Well, I found my copy of an editorial concerning the economic and political basis of, among other entities, the Mondale Act of 1974: the Child Abuse Prevention and Treatment Act. It was actually in the Wall Street Journal on Feb 27, 2001, not Forbes. It states that with the act "came also the large cottage industry of child advocates, self-proclaimed experts in abuse, and of course the citizen hot lines, source of anonymous-not to mention overwhelmingly false-accusations of abuse...The derangement that turned a right and proper struggle against the abuse of children into a hysterical holy war has exacted plenty of other more serious costs: Sex abuse accusations...are the first weapon of choice in divorce and custody battles..."

Anonymous said...

The thing I learned from the fiasco of the Sandusky trial is to never teach, mentor, coach, help, be a foster parent to, or, God forbid, adopt a “troubled youth.” The Second Mile Foundation helped since 1977, some 35 years, hundreds of “troubled” and underprivileged kids. It would not be improbable that at some might make false accusations as alleged by Sandusky’s defense. Sandusky’s adopted son Matt has now accused his adoptive father as having abused him. He has been described as having been “troubled.” As per reports on Yahoo and NBC: " Jerry Sandusky's son Matt recalled showering with his future adoptive father as a boy and pretending to be asleep to avoid being touched — memories that surfaced only recently..." “NBC’s Iskioff also reports that Sandusky, who was adopted by Jerry Sandusky and his wife, Dottie, at age 18, continues to undergo therapy and is only now recalling more details about his encounters with Sandusky.”
Former basketball coach Bernie Fine of Syracuse University was accused by a man he had helped raise, Floyd VanHooser, who now is serving 16 years to life for repeat burglary. He has recanted and said the police suggested things to him and he went along. Another accuser of Fine, Zachary Tomaselli, recanted and said "I fabricated everything about Bernie Fine…Basically, I'm a sociopath. I take a lot of pride in lying."
David B. Cohen, the late professor of psychology at U of Texas at Austin, wrote “Stranger in the Nest.” He said no matter what an parent may do for an adopted child, heredity will win out. And when people who adopt tend, on average, to be nicer, more responsible, and more altruistic than most people, and when most adopted kids are the “troubled” offspring of difficult and irresponsible people, you have a potentially tragic situation.
Paraphrasing what Harvard professor of psychology Steven Pinker wrote in his best seller “The Blank Slate”: There are three laws of behavioral genetics. 1. Human behavioral traits are heritable…2. The effect of being raised in the same family is much smaller than the effect of genes…3. A substantial portion of variation… in human behavioral traits is not accounted by either genes or families. Indeed, the heritability of these traits far overwhelms the effect of home life (barring extreme situations).
Justice must be served but emotion can so easily send rational fairness and, ultimately, justice to the trash heap.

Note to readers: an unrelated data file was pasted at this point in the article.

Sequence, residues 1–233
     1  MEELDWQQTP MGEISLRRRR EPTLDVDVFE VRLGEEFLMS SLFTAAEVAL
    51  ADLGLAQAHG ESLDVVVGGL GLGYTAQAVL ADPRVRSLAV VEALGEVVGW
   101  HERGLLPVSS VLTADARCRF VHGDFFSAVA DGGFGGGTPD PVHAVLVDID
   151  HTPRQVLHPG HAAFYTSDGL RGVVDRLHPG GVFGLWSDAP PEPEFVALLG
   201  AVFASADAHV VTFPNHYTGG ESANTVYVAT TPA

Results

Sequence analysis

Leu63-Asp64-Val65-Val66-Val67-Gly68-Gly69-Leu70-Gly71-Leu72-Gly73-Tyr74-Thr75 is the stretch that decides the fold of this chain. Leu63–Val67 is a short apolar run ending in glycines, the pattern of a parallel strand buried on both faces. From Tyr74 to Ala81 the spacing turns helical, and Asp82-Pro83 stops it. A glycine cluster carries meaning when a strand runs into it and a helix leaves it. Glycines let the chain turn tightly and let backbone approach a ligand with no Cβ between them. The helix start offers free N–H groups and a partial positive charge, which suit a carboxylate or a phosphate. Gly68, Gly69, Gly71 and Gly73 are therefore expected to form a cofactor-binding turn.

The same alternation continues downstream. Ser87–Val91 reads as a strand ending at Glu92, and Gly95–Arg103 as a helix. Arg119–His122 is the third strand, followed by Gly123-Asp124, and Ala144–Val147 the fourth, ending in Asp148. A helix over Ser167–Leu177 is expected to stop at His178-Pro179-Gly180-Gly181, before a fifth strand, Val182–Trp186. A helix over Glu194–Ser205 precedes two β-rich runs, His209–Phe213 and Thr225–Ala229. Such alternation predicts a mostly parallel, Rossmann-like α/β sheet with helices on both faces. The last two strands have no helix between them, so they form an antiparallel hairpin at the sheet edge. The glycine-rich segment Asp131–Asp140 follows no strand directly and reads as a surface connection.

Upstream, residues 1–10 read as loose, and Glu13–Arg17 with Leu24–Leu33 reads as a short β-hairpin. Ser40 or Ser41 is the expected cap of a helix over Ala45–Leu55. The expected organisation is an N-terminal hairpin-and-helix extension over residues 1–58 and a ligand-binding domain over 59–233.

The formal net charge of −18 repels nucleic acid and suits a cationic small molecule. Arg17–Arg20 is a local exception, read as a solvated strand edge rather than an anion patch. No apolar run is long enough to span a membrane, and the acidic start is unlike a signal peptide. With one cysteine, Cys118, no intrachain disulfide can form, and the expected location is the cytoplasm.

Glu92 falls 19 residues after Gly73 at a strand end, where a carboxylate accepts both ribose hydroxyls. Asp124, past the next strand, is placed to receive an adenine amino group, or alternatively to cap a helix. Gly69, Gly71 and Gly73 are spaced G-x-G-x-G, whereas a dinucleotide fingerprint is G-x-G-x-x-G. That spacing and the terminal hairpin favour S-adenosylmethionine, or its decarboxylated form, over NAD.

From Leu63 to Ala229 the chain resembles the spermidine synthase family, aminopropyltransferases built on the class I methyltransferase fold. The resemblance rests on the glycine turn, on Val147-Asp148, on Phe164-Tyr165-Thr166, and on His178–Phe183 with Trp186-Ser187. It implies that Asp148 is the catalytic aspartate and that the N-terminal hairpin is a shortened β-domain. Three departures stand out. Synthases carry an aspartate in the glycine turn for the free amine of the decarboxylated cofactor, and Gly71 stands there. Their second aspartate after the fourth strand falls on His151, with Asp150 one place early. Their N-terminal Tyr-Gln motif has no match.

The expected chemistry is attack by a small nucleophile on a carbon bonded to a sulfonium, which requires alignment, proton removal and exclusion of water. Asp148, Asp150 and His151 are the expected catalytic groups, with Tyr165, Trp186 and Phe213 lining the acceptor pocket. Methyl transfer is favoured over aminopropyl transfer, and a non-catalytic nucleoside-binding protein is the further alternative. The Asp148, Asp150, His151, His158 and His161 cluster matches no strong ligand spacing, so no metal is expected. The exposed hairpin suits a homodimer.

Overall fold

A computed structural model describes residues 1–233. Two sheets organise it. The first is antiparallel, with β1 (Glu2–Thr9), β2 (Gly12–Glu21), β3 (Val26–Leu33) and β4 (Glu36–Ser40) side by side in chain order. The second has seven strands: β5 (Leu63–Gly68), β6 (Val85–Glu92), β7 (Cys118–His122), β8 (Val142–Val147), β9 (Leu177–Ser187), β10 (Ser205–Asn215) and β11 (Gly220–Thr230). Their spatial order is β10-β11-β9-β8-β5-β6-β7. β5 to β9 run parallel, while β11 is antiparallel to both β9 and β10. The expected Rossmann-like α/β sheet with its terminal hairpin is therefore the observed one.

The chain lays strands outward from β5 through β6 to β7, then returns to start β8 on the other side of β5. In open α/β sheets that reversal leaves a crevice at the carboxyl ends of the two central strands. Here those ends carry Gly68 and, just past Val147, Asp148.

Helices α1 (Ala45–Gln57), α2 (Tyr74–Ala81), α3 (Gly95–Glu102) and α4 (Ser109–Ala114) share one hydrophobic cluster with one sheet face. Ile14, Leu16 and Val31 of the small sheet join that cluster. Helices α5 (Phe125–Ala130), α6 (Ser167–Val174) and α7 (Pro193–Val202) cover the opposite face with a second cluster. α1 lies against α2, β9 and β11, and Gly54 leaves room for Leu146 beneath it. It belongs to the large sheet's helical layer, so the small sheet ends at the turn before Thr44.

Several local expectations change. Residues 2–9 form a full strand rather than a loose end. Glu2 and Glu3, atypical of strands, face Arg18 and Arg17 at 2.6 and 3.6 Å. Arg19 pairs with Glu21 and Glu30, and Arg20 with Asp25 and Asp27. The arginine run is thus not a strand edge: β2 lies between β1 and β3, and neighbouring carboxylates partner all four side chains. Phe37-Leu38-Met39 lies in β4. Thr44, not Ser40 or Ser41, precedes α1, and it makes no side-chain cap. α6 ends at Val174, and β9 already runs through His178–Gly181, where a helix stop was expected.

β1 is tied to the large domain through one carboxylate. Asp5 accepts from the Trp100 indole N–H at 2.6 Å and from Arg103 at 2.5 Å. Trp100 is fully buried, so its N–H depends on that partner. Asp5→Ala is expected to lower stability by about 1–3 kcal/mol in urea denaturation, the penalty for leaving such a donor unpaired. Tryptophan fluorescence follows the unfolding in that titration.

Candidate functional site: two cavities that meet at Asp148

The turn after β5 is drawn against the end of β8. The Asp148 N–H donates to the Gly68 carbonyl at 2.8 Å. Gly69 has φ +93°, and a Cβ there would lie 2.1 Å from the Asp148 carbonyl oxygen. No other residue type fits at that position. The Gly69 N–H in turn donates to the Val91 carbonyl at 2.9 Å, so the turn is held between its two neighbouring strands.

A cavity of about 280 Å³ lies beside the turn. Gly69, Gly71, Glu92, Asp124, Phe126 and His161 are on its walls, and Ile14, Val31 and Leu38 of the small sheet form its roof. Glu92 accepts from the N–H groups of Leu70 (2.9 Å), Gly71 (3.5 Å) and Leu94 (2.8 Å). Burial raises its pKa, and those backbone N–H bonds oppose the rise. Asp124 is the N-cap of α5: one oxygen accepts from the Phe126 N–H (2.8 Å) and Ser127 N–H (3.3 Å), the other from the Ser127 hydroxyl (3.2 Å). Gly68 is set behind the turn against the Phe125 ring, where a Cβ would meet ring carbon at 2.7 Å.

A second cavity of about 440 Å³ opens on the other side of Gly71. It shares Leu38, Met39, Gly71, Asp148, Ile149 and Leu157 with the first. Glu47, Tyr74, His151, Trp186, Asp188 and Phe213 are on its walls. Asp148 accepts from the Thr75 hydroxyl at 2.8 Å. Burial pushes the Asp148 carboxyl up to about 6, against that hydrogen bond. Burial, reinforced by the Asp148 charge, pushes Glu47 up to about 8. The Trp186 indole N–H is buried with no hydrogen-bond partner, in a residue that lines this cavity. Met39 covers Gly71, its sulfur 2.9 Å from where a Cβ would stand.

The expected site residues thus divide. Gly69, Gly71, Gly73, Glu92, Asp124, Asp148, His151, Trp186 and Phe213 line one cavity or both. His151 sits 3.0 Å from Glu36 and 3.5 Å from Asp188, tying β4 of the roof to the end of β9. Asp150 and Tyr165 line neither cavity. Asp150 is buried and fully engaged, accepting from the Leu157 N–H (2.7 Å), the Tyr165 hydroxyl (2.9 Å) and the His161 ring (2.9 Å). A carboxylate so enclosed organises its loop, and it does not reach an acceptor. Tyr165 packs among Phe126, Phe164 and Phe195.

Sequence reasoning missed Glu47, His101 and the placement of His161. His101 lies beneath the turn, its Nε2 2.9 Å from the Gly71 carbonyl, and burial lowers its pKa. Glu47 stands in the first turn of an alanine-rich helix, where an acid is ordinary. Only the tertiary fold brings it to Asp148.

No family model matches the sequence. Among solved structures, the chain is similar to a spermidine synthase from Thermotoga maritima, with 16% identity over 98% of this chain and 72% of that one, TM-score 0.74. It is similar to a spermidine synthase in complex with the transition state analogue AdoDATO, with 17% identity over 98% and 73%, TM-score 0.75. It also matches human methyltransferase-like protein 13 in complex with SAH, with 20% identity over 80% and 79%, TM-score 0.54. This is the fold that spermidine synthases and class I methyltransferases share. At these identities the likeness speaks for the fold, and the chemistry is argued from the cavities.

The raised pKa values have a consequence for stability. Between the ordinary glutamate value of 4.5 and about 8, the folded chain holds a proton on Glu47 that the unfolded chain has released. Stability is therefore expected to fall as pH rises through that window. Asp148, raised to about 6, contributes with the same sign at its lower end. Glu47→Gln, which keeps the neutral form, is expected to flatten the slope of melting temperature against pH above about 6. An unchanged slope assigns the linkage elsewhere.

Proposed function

Anonymous said...

What I have read on Sandusky, These Boys was 15yrs. and older, I believe at that age they can tell the person to stop, or I am going to tell, because they know about sex and a lot more at that age, I was 15 once, and that is all I am going to say.

Lookout Spy said...


I'm glad you are finally taking an interest in the VAWA, as it is also a feeding trough for attorneys, judges, and as you so well know, "false accusations".

The LMJC circuit is currently pursuing a criminal charge against a man whose daughter made a false report against her own father because she was upset he grounded her.

Even though she recanted, "Buzz" and company are still pursuing the criminal charges, the man's wife is standing with him, but the DA's office and the courts refuse to drop the TPO and withdraw the charges, even though Georgia is one of the states that actually does not have a legislative "no drop" policy, like other states.

The VAWA has been shown to make no statistical difference in reporting or reducing the number of domestic violence incidents, and in fact it sucks millions of taxpayer dollars in "crime reduction" grants to the states, which incentivize those grants based on you guessed it, the NUMBER of "reports" or cases per county. The LMJC receives a statistically higer amount of dollars per capita for VAWA funds, and the State of Georgia has DOUBLED the amount of money allocated for "domestic violence intervention programs" since 2009. However, the state is cutting unemployment benefits and "food stamp" money for the same populations that generally get disproportionate mistreatment under Georgia's domestic violence laws.

Federal funding is where they are going with the "tools" to create "safer streets" in Georgia,2094,43676881_169285988,00.html

The irony is, 35 million dollars for new private prison beds serving 2650 inmates works out to $1320.00 per bed, creating an incentive to incur a future expense of 21,500 per year per prisoner. Wouldn't it make more sense to invest this money in feeding and educating people?

William L. Anderson said...

I'd like to know more about this case, as it would be a good one on which to blog. What you say does not surprise me at all, given that Buzz is after the money, pure and simple. Please email me and give me more information.

Anonymous said...

They need someone to stand up and say enough, And get those crooks out of office, these are elected people by the taxpayers, to up hold justice for each of the people, not railroad the people, And BUZZ is one of the worst, can not stand the man. We need help are there not any honest people out there.

Throckmorton P. Gildersleeve said...

This case, another one in a LONG line of cases, illustrates every point Dr. Anderson has made about corrupt prosecutors and the miscarriage of justice. 17 years in prison because the prosecutor withheld exculpatory evidence as well as used coached testimony from convicts seeking favors from the system. I sincerely hope that there is a special ring in hell reserved for those who abuse their power as representatives of the government's so-called "justice" system.